• Not very happy with the quiz. Unless I have missed something some of the words in the questions have not been covered…I had to keep going to Google translate to understand the questions…and also some make no sense in relation to the dialogue.

    However the idea of the audio is a good one.

    • Thanks so much for the feedback! We will try to work on simplifying the quizzes for these early level Shorties.

      You are right that some of the words have not been covered. This is intentional to some extent. We want to give you authentic sounding dialogues and questions, but it would be too overwhelming to cover that many concepts at this early stage.

      So, we tried to set it up as a challenge: using the words you DO know, can you determine the meanings of any of the words you haven’t learned? Or can you guess the main idea of the question or sentence? This is similar to how you would experience a conversation in real life: trying to fill in the gaps by building off of your existing knowledge. This process of deliberate problem-solving is a very effective way to learn.

      That said, we want to challenge you, but not drive you crazy! So if the context is not helping and you feel like you have to look up every word, we should do more to simplify. 🙂

  • Hello…..loving this so far !

    Two suggestions though ….. for the Vocab tab on the quiz….. any chance you could provide a download for this like you do for the dialogue as a pdf ? …or just add it into the PDF in the downloads section ? I keep a list of vocab as I learn and create Anki flashcards as well as using your quiz system so having it in an easy to use format would be great !

    Also .. have you considered putting genders in with the vocab list where relevant ? For me it would be easier to learn the gender of a word at the same time that I learn the word. So instead of “Sumo : Juice ” it could be : “(o) Sumo : Juice”….. instead of “Mulher: Woman” it could be “(a) Mulher : Woman”…..etc. I know those two are kinda obvious but I guess that there are plenty coming up that are not !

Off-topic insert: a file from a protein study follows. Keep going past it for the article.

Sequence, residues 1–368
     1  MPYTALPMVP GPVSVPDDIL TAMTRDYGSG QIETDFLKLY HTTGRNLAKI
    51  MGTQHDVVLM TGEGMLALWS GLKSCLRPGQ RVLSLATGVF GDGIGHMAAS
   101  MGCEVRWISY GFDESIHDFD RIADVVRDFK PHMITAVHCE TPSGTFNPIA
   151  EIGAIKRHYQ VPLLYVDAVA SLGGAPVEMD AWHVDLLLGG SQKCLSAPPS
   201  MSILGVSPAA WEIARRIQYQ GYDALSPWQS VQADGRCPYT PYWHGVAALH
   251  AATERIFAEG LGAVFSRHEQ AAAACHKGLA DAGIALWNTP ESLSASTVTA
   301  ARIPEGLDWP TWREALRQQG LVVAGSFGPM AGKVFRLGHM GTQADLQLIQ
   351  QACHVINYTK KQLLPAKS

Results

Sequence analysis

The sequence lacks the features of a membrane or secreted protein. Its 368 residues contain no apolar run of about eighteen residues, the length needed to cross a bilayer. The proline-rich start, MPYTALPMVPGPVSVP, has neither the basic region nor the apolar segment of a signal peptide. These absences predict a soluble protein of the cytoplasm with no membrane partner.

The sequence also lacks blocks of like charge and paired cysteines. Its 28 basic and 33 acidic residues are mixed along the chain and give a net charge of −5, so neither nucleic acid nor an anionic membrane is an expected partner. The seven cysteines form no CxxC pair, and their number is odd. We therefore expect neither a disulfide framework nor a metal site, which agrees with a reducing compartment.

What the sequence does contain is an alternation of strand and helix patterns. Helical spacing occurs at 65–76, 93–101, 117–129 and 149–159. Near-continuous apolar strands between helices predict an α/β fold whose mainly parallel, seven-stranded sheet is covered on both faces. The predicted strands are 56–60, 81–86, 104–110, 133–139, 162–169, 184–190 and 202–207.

Maybe for verbs put a tag at the end (regular / irregular) as well ?

    Just some thoughts ! Very impressed with the course so far by the way 🙂

    • Great ideas, thank you! I’ll add the vocab pdf suggestion to our list and the 2nd one is in the works. We are currently working on a way to include other info like gender/tense/etc so you can see that when reviewing the vocab. Thanks for your thoughts! Glad you’re enjoying the course! 🙂

  • Crianças is used in the title but is missing on the vocabulary page. I figured it out but you might want to add it.

  • Is it expected that by this point in the lessons we should be able to listen to this dialog and understand what is being said? I was able to get the gist of it, but I had to listen to the audio while following the text to fully understand it, and I still had to plug in some parts into a translator to be 100% sure. The questions in the quiz were more difficult. I guessed some but in general I had to use a translator to make sure I understood. I do appreciate that it’s hard to craft meaningful questions without using more complex language than we’ve already learned.

    • If you were able to get the gist of it, then you’re doing great! That is what we would expect — that you can understand some, but not all of it. The idea is to take what you learned and “stretch” it a bit as a challenge, and to better match more realistic language.

      Keep in mind that for the transcript you can toggle the “translate” button on so that you don’t have to plug that part into a translator. As for the quiz, the idea is to “fill in the gaps” between what you know and don’t know, in order to understand what is being asked. (Similar to what you would do in a real life conversation that is a bit above your level.) We are considering adding optional translations to this section, though. It’s meant to be a challenge, but we don’t want it to feel impossible, so your feedback is helpful for us to re-evaluate and adjust as needed.

  • Can you help me understand the difference between como as in, Eu como (I eat) and como as in (like to). Obrigada

    • They look and sound the same, so the main way to tell the difference is just from context. Como can mean “I eat” as a verb, “like” / “as” as a conjunction, or “how” / “what” as an adverb (often within questions).

      The context usually makes it very clear which one is used. For example, if you hear “eu como muito!” you would know it’s “I eat a lot!” because “I as a lot!” or “I how a lot!” doesn’t make any sense. You know there has to be a verb there, not a conjunction or an adverb.

      Let me know if I can clarify further. 🙂

  • The dialogue would be easier to follow and learn if it paused after each line. We were trying to digest the first line and the next line was spoken breaking concentration and understanding. It would be good if there was a button to select one line speaking (and translation) at a time. We like to have a go at translating and then get the correct one after we have done a line ourselves, but clicking translation brings the translation for every line. Great course though, we are learning so much thankyou!

    • Thanks for the feedback on this! One thing that might help a little bit is to hit the space bar to pause the audio right after a line is spoken. Then you can hit it again when you’re ready to continue. I’ll pass along your ideas. 🙂